The traditional way to serve this chicken (and the more authentic recipe above) is with green salad, steamed rice and Piri Piri (red chilli) sauce if desired.
Another recipe from the same book (P8) by Tessa Kiros we enjoyed:
Acorda of Prawns…very flavoursome!
An Acorda is a casserole thickened with mashed bread. It is often made with seafood. You can whisk an egg yolk into it at the very last moment, which is how we ate it in Lisbon but when cooked at home we decided to leave the egg out as it was already quite thick. Use white country style bread, such as Portuguese rolls or ciabatta – yesterday’s loaf so that it’s just on the edge of staleness. You can change the flavours by adding other herbs eg. Thyme (easy to grow) or chopped coriander (harder to grow).
Ingredients in our recipe (small serve for 4…depending on size of prawns of course)
16 raw prawns; 6 tablespoons olive oil; 2 shallots peeled & halved; 4 cloves of garlic (2 chopped, the others peeled but left whole); 2 bay leaves; handful of parsley stems & leaves; 2 small carrots peeled/halved; 2 small celery stalk; coarse salt; a few+ peppercorns; pinch of ground sweet paprika; 4 tablespoons chopped parsley; 6 tablespoons white wine; 240 g yesterday’s white country bread (crusts removed broken into small pieces); 1 egg yolk (optional).
Method: What you find on Net gives a similar method…quite a few steps eg. Firstly making a broth with prawn heads/shells & veg but worth the effort!
I topped my dish with extra chopped continental parsley – straight from our garden!
Origins of recipe (from… all-about-portugal.com)
“The origins of the açorda go back to the times of the Moorish occupation of the Portuguese territory, being an evolution of the Moorish bread soups. There are several types of açorda and I am fan of them all.”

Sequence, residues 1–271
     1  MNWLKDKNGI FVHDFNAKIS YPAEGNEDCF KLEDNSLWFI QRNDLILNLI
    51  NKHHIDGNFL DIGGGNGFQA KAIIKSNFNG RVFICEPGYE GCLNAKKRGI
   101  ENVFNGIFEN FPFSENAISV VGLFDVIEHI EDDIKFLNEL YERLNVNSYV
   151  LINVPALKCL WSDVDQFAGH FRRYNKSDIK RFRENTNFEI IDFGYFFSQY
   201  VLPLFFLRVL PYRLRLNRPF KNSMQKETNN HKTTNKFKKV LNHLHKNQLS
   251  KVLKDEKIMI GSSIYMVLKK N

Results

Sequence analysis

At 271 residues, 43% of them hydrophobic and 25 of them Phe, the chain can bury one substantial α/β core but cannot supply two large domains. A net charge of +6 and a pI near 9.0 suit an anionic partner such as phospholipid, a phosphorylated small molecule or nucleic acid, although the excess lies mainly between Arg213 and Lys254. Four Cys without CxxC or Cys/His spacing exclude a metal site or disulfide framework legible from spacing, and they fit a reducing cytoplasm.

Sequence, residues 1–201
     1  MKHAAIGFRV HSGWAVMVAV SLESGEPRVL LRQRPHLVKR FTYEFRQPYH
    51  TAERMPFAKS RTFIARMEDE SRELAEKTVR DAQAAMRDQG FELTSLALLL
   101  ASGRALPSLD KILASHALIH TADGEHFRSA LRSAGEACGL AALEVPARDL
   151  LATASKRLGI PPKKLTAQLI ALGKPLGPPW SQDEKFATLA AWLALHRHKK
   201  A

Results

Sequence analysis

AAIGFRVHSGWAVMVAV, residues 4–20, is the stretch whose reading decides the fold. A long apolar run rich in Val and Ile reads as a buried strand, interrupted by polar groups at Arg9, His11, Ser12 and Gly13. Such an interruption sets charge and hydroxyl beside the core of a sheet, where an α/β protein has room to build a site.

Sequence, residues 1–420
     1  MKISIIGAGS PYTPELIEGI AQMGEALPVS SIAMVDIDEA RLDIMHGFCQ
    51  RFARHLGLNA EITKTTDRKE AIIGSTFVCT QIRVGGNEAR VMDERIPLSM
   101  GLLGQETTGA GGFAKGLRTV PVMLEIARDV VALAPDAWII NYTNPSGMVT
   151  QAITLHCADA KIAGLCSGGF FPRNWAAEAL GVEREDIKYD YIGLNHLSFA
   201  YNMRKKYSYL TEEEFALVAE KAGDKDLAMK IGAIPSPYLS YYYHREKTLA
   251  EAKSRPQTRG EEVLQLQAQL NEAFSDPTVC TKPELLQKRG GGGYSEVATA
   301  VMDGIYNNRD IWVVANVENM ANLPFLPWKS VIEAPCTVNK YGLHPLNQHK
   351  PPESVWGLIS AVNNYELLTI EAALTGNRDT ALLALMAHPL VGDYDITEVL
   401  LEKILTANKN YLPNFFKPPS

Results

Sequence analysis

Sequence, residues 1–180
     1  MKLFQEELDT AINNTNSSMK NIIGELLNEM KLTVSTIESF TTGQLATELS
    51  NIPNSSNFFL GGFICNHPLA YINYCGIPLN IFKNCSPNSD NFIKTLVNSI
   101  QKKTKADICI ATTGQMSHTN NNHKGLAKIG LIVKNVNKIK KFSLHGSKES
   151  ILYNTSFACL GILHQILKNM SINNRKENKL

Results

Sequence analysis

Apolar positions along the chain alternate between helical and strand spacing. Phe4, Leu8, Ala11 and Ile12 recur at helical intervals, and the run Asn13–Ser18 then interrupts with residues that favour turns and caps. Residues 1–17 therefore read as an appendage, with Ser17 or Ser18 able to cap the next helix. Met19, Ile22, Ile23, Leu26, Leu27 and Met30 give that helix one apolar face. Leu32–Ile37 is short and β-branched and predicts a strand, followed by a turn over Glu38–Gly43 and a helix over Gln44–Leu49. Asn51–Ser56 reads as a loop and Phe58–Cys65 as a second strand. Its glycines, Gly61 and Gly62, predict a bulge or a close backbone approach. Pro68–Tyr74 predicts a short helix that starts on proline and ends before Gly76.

Portuguese tarts – image from Kidspot on Net…a simple recipe there using store bought puff pastry. The authentic ones are even more delicious but the traditional recipe is a lot more complicated than this simplified version of course. However, this recipe for kids (older children or younger ones with a lot of guidance) has eggs and milk so it’s a real custard not one of those watery supermarket/factory varieties.
Grilled Sardines Portuguese Style is another recipe we regularly do…lots of good oils in sardines and we can get them very fresh at our local market on a Thursday and Friday (more often at the coast of course). Recipe will be typed up another day.
I always love to hear about food with a very interesting history. I read about this on Culture Trip App (which I might install) – there’s a list of other foods at that site. This was one food that grabbed my interest, not so much for the recipe (think we’ll just buy our sausages if we want them) but the history behind the food:
Alheira de Mirandela – a traditional sausage
“The alheira, a type of fowl sausage, is one of the cheapest and most common Portuguese dishes with a fascinating history. When the Jewish population was expelled from Portugal in 1498, many hid in the mountainous region of Trás-os-Montes in the northeast of Portugal, practicing their religion in secret while pretending they had converted to Catholicism. One way to do this was to ostensibly make, display and eat sausages so that everyone would think they were no longer keeping kosher. Nowadays, the dish is available in any corner eatery, but a special venue is Cervejaria Bota Velha, a small restaurant that offers the best petiscos (tapas) in Lisbon.
Cervejaria Bota Velha, Rua Domingos Sequeira 34, Lisboa, Portugal, +351 21 390 4447”.
“Polvo à Lagareiro”
“Portuguese cuisine is renowned for its seafood, often prepared in the simplest of manners; ask for fresh fish directly grilled over a slow fire before being seasoned with lemon and rosemary and you’ll enjoy one of the best meals in the country. Sometimes, however, a little technique is needed. Such is the case with polvo à lagareiro: a whole octopus is first boiled and then roasted in the oven with plenty of garlic and olive oil. Any city in the country will have a restaurant serving this popular dish, but a great choice is A Tasquinha in Nazaré, a beautiful seaside village 75 miles north of Lisbon.”
From Culture Trip App